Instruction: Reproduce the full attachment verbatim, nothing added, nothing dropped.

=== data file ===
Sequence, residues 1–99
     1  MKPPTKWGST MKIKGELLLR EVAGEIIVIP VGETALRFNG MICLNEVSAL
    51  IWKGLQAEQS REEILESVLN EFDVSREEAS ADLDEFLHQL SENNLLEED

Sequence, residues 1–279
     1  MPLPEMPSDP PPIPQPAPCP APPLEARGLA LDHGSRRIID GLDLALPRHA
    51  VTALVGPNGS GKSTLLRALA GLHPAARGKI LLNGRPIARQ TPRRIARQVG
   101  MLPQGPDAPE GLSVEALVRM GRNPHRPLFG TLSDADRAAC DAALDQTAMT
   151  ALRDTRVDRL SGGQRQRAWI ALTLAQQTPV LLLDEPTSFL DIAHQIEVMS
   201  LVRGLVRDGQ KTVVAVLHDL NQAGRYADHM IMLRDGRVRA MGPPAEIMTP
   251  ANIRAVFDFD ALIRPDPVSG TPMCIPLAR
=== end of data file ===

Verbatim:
Sequence, residues 1–99
     1  MKPPTKWGST MKIKGELLLR EVAGEIIVIP VGETALRFNG MICLNEVSAL
    51  IWKGLQAEQS REEILESVLN EFDVSREEAS ADLDEFLHQL SENNLLEED

Sequence, residues 1–279
     1  MPLPEMPSDP PPIPQPAPCP APPLEARGLA LDHGSRRIID GLDLALPRHA
    51  VTALVGPNGS GKSTLLRALA GLHPAARGKI LLNGRPIARQ TPRRIARQVG
   101  MLPQGPDAPE GLSVEALVRM GRNPHRPLFG TLSDADRAAC DAALDQTAMT
   151  ALRDTRVDRL SGGQRQRAWI ALTLAQQTPV LLLDEPTSFL DIAHQIEVMS
   201  LVRGLVRDGQ KTVVAVLHDL NQAGRYADHM IMLRDGRVRA MGPPAEIMTP
   251  ANIRAVFDFD ALIRPDPVSG TPMCIPLAR